Global markets were mixed on a busy day of trading amid an influx of news. News of a Brexit deal initially boosted European and UK stocks, but signs it may fail to win support in the UK parliament derailed gains in late trading. In the US, a fresh batch of corporate earnings helped lift markets, while in Asia trade deal concerns left markets mixed.
A continued streak of upbeat corporate earnings has helped US equities stay out of the red, despite signs of a proposed Brexit deal being turned down in the UK weighing on investors. The S&P 500 (+0.3%), Dow Jones Industrial Average (+0.1%) and Nasdaq Composite (+0.4%) rose, turning around yesterday’s losses thanks to positive earnings, with around 76% of companies on the S&P 500 so far reporting earnings that topped analyst expectations.
Netflix shares climbed +3.6% higher after it announced a more upbeat than expected third-quarter result, adding 6.8m new paying subscribers in the quarter, most of which came from outside of the US. Morgan Stanley joined other major banks JPMorgan Chase (+0.3%), Citigroup (-0.1%) and Bank of America (-0.3%) who have reported so far, with shares of the company adding +1.9% after it reported profits beat expectations. Healthcare stocks were the best performing in the index, with shares of majors such as McKesson (+3.8%), Humana (+2.6%), Bristol Myers Squibb (+1.9%), Abbvie (+1.7%) and Johnson & Johnson (+1.5%) surging higher. IBM shares tumbled -6.0% after it reported revenue which missed Wall Street estimates.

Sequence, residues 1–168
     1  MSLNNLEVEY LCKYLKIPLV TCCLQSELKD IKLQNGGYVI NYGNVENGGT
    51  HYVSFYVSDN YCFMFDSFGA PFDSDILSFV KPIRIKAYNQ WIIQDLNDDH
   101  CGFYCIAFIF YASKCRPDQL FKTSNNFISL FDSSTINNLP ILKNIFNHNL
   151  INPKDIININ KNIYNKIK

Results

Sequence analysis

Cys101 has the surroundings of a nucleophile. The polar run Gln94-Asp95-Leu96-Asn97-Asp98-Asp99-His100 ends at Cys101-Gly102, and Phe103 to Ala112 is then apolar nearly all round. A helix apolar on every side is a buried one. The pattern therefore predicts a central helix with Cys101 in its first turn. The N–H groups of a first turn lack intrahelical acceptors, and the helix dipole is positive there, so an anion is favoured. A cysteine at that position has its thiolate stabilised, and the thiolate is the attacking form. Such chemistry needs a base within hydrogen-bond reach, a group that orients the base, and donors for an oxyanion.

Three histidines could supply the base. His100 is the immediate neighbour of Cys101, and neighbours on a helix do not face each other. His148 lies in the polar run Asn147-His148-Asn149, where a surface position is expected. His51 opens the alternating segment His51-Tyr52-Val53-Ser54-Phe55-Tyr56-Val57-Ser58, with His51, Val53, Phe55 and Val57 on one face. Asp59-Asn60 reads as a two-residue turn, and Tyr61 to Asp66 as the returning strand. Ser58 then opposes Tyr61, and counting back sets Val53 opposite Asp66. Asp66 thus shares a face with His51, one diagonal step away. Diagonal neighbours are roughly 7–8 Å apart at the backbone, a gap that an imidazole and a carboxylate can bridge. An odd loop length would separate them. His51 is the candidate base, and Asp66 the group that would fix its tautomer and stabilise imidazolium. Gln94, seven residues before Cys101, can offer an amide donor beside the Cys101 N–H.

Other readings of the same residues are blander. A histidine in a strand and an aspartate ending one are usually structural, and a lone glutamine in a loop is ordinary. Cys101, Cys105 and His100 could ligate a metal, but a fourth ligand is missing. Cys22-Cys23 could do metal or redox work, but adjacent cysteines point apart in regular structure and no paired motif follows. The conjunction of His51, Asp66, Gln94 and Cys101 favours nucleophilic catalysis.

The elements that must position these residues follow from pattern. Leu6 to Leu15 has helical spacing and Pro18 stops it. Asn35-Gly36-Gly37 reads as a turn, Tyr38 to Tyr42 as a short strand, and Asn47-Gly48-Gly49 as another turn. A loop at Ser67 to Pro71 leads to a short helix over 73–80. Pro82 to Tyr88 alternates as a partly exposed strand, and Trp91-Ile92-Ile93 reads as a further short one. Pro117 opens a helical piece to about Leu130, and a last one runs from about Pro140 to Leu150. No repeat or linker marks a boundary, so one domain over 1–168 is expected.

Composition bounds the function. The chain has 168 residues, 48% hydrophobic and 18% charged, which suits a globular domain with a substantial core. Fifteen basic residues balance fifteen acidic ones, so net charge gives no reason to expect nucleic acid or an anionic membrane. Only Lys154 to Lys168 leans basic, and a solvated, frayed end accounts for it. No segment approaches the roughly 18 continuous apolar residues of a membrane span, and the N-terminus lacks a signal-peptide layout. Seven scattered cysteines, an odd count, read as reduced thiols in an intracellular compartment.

European investors cheered reports that key political leaders had reached another deal for the UK to exit the EU, but European equities turned lower late in trading after the Northern Irish Democratic Unionist Party (DUP) stated it would vote against the deal on Saturday, derailing hopes of the deal getting the approval needed. The Stoxx Europe 600 rose as much as +0.6% during the day, but eventually closed -0.1% lower.
The UK’s FTSE 100 pulled back from early gains, closing just +0.2% higher as did the mid-cap FTSE 250. Investors first cheered the news Boris Johnson had formed a Brexit plan with the EU but they soon turned sour when the DUP said they wouldn’t vote for it, meaning Johnson would need to win over some Opposition MPs to get the deal through. Helping the FTSE stay afloat was a drop in the pound after signs the deal wouldn’t go through, which lifted multinational stocks.
Asian markets were mixed, albeit leaning more towards the red after reports suggested a US–China ‘phase one’ limited trade deal still has a ways to go. The Hang Seng rose +0.7%, while the Kospi (-0.2%) and Nikkei 225 (-0.1%) both fell, and the Shanghai Composite closed relatively unchanged.
The ASX 200 climbed +0.8% amid a flurry of earnings and production reports.
WTI crude fell -0.8% to US$52.94 and iron ore fell -US$3.00 to US$86.50/MT, while gold rose +0.4% to US$1,495.62.
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